This example of 'What Were They Thinking' is for a Java application, not a web application - but I thought it would be an interesting addition to the series. It refers to something that absolutely drives me crazy in BlackBerry Java applications and I've seen the same kind of thing on other mobile platforms as well. Here we go...

As i've mentioned before, I'm getting older and with my advanced age comes reduced eyesight. If you see in the sample screen shot below, my BlackBerry client is configured to use pretty large fonts:

My BlackBerry Messages Application

This approach makes it easy for me to read the screen without my reading glasses (which I've not yet gotten around to keeping with me always). I know this takes up more screen space, but it's something I just have to do.

Now, last week I was working in RIM's Chalk application (Chalk is a recent purchase and allows organizations to easily push rich content to devices). When I opened the application's main screen, here's what I saw:

BlackBerry Chalk Application Screen

The developer (or developers) who built this application, selected a font and size to be used for the application without paying any attention to how I had my particular device configured. For me, it's completely unusable without my glasses.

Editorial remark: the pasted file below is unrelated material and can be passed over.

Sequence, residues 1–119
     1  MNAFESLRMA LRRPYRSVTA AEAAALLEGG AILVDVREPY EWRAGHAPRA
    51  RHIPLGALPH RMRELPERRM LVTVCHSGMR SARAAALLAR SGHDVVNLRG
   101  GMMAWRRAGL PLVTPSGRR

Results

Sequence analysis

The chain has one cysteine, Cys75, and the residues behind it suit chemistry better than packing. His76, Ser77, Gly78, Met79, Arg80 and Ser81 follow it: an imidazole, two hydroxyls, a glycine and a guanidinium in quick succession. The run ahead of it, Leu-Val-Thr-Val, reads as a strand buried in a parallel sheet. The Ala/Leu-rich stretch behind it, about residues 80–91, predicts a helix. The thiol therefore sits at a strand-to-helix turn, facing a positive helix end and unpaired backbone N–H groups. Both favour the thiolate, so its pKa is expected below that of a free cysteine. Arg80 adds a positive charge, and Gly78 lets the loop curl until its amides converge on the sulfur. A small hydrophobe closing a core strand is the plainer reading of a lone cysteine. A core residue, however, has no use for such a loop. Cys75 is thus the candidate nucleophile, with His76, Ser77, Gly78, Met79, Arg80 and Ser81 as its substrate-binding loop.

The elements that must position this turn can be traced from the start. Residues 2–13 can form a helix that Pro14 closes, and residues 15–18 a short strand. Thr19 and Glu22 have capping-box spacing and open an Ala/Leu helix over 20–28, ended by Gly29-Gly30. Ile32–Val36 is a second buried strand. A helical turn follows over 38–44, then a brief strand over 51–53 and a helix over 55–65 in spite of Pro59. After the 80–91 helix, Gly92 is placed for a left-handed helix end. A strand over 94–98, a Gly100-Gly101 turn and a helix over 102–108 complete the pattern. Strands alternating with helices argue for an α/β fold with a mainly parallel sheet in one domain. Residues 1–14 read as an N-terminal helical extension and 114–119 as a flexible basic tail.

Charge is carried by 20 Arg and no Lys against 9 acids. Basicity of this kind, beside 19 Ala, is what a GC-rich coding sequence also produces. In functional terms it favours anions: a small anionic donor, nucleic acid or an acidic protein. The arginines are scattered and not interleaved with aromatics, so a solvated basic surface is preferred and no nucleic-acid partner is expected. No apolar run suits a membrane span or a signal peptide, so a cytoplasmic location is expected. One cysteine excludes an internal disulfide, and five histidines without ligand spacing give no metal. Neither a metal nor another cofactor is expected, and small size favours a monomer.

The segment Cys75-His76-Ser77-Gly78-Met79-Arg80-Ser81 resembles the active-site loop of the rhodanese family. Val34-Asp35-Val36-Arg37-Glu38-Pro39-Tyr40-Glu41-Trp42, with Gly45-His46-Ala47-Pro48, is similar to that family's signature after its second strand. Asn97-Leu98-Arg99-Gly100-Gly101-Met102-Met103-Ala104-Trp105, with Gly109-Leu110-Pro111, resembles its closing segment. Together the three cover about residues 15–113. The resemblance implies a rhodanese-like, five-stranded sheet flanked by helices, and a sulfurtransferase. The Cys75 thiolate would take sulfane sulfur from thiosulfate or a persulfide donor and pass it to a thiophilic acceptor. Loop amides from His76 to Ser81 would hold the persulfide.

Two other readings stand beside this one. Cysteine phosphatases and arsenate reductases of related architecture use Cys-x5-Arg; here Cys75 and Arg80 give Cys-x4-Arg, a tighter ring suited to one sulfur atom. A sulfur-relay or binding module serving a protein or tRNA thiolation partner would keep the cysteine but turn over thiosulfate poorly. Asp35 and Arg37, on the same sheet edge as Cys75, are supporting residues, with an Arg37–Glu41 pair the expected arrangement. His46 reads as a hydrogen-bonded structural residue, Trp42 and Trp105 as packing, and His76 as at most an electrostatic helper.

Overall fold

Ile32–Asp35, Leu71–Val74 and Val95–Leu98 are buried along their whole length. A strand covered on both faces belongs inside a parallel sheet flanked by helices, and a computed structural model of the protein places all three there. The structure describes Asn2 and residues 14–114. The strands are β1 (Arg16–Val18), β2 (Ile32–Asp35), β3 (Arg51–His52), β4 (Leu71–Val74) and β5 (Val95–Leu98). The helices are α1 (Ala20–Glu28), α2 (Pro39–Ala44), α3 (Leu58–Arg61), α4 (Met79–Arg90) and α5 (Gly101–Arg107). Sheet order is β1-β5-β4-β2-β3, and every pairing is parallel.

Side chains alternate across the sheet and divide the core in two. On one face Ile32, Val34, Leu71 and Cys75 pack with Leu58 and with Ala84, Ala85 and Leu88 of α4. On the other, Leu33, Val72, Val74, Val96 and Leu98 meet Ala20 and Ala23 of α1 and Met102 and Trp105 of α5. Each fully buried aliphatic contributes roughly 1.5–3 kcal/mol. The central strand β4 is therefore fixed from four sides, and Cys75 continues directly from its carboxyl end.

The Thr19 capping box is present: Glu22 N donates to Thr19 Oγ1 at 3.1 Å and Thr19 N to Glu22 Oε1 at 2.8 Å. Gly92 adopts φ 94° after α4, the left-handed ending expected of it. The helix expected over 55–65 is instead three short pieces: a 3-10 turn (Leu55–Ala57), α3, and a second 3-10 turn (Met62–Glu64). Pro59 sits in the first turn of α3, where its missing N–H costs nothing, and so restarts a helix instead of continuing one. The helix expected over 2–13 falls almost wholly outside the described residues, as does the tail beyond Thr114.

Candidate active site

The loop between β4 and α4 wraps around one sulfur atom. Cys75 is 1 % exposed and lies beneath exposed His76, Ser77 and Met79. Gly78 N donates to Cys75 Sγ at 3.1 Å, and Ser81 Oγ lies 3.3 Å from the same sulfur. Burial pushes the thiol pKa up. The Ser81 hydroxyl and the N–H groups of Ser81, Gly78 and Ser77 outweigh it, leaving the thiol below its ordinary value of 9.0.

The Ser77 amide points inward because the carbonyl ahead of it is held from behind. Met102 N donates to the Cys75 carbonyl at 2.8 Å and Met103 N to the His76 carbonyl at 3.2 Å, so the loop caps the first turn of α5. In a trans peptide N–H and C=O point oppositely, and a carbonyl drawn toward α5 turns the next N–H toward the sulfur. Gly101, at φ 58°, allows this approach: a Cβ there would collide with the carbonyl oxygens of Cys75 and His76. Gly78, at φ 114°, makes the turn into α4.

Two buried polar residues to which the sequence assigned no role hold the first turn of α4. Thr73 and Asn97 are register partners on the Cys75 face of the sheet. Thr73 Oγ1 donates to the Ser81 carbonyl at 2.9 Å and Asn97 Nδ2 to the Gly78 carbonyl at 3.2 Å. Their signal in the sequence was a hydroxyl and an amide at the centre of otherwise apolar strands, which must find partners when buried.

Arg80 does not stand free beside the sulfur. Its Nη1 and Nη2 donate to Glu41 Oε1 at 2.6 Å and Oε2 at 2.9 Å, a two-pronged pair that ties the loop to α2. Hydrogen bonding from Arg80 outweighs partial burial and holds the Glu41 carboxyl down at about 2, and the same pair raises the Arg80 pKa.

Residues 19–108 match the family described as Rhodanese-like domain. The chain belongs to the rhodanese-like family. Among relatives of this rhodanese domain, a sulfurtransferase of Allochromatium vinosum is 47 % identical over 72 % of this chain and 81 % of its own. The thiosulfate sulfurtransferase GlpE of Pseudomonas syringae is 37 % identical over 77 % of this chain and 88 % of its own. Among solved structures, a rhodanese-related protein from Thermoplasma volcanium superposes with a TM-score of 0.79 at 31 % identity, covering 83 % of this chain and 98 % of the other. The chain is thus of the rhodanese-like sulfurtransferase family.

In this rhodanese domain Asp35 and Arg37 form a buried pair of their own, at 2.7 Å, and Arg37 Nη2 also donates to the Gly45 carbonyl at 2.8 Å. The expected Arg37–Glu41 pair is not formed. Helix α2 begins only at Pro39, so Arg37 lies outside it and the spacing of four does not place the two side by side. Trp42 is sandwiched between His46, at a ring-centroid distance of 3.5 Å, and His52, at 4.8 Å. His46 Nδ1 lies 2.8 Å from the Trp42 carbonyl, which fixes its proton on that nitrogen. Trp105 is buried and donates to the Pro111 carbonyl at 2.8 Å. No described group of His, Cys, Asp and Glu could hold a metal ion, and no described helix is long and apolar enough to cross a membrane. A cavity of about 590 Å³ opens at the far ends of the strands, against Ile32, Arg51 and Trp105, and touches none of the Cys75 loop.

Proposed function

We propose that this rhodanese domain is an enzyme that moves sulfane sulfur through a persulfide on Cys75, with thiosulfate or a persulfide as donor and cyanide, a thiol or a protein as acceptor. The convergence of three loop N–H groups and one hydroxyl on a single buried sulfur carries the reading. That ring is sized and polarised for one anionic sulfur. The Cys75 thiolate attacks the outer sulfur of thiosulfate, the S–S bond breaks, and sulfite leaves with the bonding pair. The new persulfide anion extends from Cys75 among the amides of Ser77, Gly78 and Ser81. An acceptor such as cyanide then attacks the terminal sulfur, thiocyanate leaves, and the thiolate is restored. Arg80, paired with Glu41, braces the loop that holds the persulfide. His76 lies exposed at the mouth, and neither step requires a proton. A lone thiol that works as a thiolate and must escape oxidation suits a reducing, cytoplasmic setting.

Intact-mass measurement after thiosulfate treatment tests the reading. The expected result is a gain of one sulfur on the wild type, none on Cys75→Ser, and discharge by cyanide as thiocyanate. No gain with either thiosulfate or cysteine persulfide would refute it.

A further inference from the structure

Why do developers disregard the user when desiging their applications? The BlackBerry device provides me with the means to configure the screen using any font and font size I want, but I have to deal with applications that completely ignore that. I know they've done this so they can give their application cool effects (like the graphical background you see in the figure) but that just doesn't take the needs of the actual user into account. I know any 20's user can see this easly, but it just doesn't work for us that are in our 40's.

Mobile developers - when building rich client applications on mobile devices, query the system to determine the font and font size selected by the device user and use that to craft any and all of your application screens. It's unreasonable to do otherwise. Trust that the device user knows better than you do how he or she wants text displayed on the device's small screen.

I'll try to scare up a sample application that does this (on the BlackBerry of course) so you can see how it works.

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